Will Alabama football ever play another Mercer as college football changes? Never say never | Hurt
This summer’s blockbuster announcement that Texas and Oklahoma would join the SEC and form a 16-team mega-league by 2025 has brought with it all sorts of excitement as well speculation, the stock in trade of any college fan base worth its foam fingers.
That has included a great deal of conjecture and guesswork about what will happen to non-conference schedules. Some people envision an NFL-like schedule with only Power Five games, every one a marquee matchup. It doesn’t really work that way, even in the NFL, where for every Chiefs vs. Steelers matchup there is a Lions-Cardinals Thursday-night contest that doesn’t move the needle.
Others wonder that even if most of the major brands play only 10 Power Five games on a 12-game schedule, which seems likely, a reduction to two home-only games might mean the end of matchups between FBS teams like Alabama and opponents from the FCS.
In other words, while no one is putting games like Alabama-Mercer on the endangered species list just yet, there might be a push in some circles to curtail such games. It’s not something the NCAA, which has lost its superpowers, would mandate. But could it happen?
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Contacted by the Tuscaloosa News on Tuesday, Alabama athletics director Greg Byrne would not speculate on future schedules, saying that there were “too many unknowns” right now to comment fairly on any given scenario.
The first of those unknowns, of course, is for the SEC to determine exactly what schedule model it will adopt with 16 teams. That will probably be settled over conference calls and committee meetings for the next year or so, sessions that would make for some entertaining SEC Network programming as every school tries to position itself for 2025. There is still some speculation that Oklahoma and Texas might be incorporated into the schedules earlier, but there would have to be some mighty contractual maneuvering for that to happen.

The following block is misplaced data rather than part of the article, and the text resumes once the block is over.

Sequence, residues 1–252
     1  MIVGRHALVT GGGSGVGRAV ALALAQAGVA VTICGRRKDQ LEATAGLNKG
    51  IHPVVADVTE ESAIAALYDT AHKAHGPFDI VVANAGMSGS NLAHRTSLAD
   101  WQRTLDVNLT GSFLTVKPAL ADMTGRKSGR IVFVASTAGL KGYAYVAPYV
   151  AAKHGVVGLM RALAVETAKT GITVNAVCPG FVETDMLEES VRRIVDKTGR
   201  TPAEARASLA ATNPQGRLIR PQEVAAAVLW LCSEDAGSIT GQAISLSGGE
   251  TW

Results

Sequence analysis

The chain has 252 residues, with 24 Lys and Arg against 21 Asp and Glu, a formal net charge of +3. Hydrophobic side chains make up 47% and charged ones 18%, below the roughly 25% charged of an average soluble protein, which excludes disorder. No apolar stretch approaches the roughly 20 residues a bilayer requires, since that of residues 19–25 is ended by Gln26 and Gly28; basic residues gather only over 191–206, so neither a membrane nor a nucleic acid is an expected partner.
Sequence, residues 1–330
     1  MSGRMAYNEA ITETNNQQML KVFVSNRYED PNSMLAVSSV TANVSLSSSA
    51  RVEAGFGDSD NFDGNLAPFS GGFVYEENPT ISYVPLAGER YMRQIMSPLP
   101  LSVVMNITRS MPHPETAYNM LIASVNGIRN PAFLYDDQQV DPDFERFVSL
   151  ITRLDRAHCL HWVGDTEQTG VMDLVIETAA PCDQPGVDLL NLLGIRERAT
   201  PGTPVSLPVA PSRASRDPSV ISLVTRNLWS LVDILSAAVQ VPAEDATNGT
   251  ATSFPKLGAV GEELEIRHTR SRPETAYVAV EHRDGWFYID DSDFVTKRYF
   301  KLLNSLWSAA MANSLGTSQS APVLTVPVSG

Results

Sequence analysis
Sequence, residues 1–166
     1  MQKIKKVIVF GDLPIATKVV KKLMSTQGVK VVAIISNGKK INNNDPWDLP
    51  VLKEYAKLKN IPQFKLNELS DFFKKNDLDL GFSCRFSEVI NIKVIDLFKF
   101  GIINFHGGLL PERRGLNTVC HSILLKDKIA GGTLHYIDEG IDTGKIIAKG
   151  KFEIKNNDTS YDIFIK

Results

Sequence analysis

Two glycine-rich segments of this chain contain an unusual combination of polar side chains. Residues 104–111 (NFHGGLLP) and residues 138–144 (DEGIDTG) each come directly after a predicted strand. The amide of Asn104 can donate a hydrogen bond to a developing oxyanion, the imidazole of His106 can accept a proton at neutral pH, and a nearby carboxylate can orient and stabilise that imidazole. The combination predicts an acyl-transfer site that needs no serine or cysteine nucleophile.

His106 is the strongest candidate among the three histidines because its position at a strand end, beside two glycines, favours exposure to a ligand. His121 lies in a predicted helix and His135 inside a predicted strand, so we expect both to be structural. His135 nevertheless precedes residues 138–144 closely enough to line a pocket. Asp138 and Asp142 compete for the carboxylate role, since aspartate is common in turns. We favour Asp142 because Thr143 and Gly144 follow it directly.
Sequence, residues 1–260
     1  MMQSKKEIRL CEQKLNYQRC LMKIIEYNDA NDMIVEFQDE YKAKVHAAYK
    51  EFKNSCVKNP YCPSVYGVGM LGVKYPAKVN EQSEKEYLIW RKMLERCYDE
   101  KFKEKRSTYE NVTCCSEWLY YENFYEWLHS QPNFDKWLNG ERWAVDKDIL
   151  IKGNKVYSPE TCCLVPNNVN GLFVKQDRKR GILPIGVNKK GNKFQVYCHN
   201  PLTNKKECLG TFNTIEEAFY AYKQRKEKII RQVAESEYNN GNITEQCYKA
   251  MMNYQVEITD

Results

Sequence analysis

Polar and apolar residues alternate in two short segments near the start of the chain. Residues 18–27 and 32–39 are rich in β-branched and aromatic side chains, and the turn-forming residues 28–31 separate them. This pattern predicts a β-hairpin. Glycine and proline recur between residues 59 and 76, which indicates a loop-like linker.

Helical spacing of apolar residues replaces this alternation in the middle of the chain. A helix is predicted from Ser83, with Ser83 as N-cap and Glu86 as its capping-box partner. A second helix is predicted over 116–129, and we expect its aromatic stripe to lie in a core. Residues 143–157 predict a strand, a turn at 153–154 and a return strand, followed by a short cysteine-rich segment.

The slow drift seems to be, for most leagues, to have a nine-game conference schedule and an additional Power Five opponent. Even if future games against Texas, already on the 2022 and 2023 Crimson Tide schedules and likely to stay there as non-conference contests, and Oklahoma, which will face Alabama in the late 2020s, stay intact, UA will still have home-and-homes with Ohio State, Notre Dame, Wisconsin, Florida State and others. The Alliance, whatever it turns out to be, trying to change that but scrapping Alabama-Ohio State in favor of the Buckeyes vs. Cal isn’t exactly the best strategy for leagues looking to have the best-paying television contracts possible.
Because it’s all about economics.
There are arguments to be made that FBS/FCS games aren’t inherently fair. The 12-game, all-even schedule has its merits. But before anyone says we may never see Alabama play Mercer, or Furman or Georgia Southern again (the loss of Nick Saban’s “tin horn” quote alone would have diminished college football), consider this: Sometimes scheduling is unfair and not just for the FBS elite. Last week, Mercer played a team from Point University of West Point, Ga., an NAIA team more overmatched than the Bears might be today. Mercer won, 69-0.
Setting aside the classic 2011 Saban rant after Georgia Southern, good things can happen. The Citadel came to Tuscaloosa in 2018, scored first, got all sorts of social media exposure and seemed to have a memorable trip. Mercer will be well-coached and will give a good effort for the same reason that people buy a single $2 lottery ticket (in some states): You never know. And while it’s the other end of the spectrum, the SEC already has one loss to an FCS team this year as East Tennessee State handled Vanderbilt fairly easily last week.
One other point, going back to the economics. When New Mexico State comes to Tuscaloosa later this season, it will receive a $1.9 million guarantee. Mercer will get roughly a third of that, $600,000, budget-making money for the Bears. Will fans make much of a distinction in the two opponents? No, but at a $1.3 million difference, Alabama’s financial officers will.
No one knows anything for sure until the SEC and the other leagues provide clarity, both on league schedules and the College Football Playoff. But, as in the Appalachian woods, you might still see a Bear from time to time.
Reach Cecil Hurt at firstname.lastname@example.org or via Twitter @cecilhurt